Keeping to a game plan and consistently improving can raise the level of play for any player in the game. An approach does not have to be a complicated ritual with magic potions. In fact, simplifying keeps the mind clearer and more in tune to play. Concentrating on the essentials not only gives a batter the best chance of success, but it also defines what they need to
10 | INTRODUCTION
concentrate on to block out distractions. The mantra of the meditation on plate appearances becomes "here is what I am here to do" rather than "why am I here?"
Key elements create the foundation of good hitting. Knowing those key elements establishes the roadmap to getting your bat back and reviving success at the plate. This book makes you focus on those key elements, so you get re-oriented to a healthy hitting approach. These seven chapters are your elixir of confidence that put you back in control. They lead you on a journey not only to become the player you once were, but they give you the tools to reach levels beyond where you were, even if you were happy with your play.
TheBestHittersinHistory.Whileshunnedbybaseball officially, no one can deny that Pete Rose was one of baseball's most impressive players with a bat. There really couldn't be a more straightforward approach than the philosophy Rose adopted: "See the ball. Hit the ball." The player with the most hits in major league history has advice for players in a slump that comes down to "change where you stand in the batter's box, but don't change your swing." Seeing how several of the best players in history dealt with their struggles is inspirational and calming for those facing a nagging downturn.
GettingOutofaSlump.Whenyourmindsaysyou will fail before you step into the batter's box, it is a self-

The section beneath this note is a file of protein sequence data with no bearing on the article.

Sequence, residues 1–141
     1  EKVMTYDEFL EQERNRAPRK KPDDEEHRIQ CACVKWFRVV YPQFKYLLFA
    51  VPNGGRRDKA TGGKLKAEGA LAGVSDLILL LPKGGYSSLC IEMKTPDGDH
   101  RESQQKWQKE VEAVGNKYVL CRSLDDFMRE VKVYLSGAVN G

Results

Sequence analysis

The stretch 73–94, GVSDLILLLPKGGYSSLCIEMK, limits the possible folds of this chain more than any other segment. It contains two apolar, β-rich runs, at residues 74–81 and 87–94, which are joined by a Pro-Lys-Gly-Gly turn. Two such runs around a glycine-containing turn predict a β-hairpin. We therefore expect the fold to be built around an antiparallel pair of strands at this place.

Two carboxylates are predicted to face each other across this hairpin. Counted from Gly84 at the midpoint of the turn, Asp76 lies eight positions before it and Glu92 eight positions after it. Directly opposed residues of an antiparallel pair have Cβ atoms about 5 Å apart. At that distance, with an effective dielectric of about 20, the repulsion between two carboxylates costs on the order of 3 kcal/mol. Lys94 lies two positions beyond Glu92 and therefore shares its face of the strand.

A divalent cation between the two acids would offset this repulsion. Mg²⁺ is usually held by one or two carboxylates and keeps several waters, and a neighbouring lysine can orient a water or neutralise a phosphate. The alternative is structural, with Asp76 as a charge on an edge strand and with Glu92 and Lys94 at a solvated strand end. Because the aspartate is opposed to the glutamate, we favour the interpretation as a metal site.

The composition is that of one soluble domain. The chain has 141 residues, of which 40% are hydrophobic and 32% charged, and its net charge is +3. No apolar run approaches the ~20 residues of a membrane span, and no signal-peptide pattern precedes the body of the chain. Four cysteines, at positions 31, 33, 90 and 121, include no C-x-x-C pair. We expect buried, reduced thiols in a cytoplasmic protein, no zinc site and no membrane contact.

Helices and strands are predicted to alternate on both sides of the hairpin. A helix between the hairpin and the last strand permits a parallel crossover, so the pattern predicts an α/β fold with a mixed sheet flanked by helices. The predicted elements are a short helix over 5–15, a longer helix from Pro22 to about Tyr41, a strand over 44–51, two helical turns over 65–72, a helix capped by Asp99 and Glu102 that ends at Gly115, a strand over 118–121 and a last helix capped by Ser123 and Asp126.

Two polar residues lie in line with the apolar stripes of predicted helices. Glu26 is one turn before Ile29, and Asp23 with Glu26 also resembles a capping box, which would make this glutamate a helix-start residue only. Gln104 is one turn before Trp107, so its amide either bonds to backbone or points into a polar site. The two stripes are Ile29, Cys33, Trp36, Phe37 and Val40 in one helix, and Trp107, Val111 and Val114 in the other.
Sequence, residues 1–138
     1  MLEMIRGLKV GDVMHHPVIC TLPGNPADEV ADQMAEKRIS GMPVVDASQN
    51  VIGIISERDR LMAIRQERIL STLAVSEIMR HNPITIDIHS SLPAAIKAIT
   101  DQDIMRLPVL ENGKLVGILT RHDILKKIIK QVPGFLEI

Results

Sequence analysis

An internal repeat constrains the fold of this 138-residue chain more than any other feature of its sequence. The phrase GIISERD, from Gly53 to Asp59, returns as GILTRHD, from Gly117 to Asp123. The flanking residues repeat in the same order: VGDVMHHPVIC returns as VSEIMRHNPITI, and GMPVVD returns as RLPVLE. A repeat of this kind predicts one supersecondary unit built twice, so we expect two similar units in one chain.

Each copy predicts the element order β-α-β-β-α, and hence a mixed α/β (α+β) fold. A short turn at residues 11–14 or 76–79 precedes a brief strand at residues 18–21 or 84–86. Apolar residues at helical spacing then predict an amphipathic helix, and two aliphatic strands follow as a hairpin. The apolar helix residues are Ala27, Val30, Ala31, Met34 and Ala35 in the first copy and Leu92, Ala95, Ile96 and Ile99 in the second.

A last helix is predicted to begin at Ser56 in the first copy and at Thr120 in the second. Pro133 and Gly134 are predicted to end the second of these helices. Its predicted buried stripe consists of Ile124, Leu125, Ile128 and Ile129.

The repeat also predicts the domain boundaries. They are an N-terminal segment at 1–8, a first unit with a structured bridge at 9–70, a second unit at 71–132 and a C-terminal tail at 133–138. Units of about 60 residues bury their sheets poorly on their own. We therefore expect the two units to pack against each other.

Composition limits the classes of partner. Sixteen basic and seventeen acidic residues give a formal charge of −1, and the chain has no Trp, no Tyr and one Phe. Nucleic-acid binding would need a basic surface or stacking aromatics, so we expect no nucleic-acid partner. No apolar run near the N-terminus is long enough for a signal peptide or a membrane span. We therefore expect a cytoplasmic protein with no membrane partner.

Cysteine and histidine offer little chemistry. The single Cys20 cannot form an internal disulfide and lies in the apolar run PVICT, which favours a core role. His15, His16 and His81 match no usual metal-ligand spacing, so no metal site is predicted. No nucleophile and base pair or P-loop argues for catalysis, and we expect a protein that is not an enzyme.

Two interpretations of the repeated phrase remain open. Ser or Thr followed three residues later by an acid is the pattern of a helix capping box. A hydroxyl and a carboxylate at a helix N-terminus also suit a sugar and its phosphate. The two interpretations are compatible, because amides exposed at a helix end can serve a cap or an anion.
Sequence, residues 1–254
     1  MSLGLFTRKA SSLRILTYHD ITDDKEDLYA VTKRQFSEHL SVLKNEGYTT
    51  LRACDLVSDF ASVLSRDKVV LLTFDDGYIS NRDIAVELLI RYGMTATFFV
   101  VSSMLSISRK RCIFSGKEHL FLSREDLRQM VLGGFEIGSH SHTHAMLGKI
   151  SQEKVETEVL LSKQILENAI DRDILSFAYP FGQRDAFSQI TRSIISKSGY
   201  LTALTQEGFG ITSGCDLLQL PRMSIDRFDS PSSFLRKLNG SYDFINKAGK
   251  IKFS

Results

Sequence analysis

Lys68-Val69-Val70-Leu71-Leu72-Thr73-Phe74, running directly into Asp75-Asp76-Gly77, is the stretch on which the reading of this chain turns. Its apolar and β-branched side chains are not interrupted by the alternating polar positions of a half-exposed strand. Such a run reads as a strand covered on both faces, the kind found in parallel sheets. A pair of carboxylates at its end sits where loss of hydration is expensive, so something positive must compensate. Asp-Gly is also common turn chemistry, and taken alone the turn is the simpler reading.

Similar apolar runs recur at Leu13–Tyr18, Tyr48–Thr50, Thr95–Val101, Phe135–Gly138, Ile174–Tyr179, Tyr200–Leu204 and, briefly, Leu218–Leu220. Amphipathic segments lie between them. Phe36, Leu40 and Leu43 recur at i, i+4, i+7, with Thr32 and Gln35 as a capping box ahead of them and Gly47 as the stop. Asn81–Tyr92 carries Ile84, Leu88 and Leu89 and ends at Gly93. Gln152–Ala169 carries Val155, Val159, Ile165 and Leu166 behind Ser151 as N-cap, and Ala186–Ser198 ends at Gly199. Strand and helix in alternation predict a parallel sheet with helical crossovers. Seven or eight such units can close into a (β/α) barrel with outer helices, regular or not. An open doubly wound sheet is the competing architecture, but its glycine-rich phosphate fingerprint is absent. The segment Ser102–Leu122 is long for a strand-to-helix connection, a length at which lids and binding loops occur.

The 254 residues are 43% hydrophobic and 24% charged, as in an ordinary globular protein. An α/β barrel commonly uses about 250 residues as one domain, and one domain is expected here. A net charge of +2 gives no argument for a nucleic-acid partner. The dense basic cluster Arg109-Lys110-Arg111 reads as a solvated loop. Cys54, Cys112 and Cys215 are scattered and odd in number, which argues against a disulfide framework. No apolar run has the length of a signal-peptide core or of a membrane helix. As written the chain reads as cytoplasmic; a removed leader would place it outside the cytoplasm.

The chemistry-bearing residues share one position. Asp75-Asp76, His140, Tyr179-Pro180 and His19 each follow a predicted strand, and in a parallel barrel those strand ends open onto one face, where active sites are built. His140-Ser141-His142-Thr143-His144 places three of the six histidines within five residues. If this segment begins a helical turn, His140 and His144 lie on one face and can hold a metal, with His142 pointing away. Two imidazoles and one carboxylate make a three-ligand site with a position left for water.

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fulfilling prophecy. You can't hit the ball when skidding down the slippery slope of mental failure. Getting out of a slump requires getting yourself out of the mindset that got you into the problems in the first place. It is like beating an addiction to failure. Visualizing success rather than failure will be what helps you drive the ball instead of waving at it and whiffing.
AHitter'sMentality.Onceyougetfailureoffyourlist of possibilities, the next step is to mend your approach. It is best to prepare for each at-bat like you are masterminding a plan that can only succeed. Taking control of your time in the batter's box means training yourself mentally and creating advantages. You have to be the one with confidence that creates an opportunity to barrel the ball. It doesn't have to be complicated.
ThinkLikethePitcher.Thebattershouldneverbe totally at the mercy of what a pitcher chooses to throw. Observing how the pitcher approaches the game can shift the advantage in at-bats. Knowing a pitcher's history, watching his arsenal in warmups, and paying attention to how he approaches other players in the lineup are all things that tell you what's coming. When you know what's coming, it turns good pitches into mistakes. Take the ball out of the pitcher's hand by knowing what they will throw, keeping your head in the count, and touting your best game.
12 | INTRODUCTION
UnderstandingtheStrikeZone.Thezoneisnotjust the one described in the rule book. It has different incarnations in the rules, the umpire's eye, and the batter's green zone. You know where you want the ball to have the best chance of doing damage (green zone). In more advanced play, the other team knows where you want it to. A complicating factor is the human element of umpiring. You can't tell the umpire what to do, but you can be aware of their behavior and adjust to their style. Don't blame the call. Take responsibility for being observant.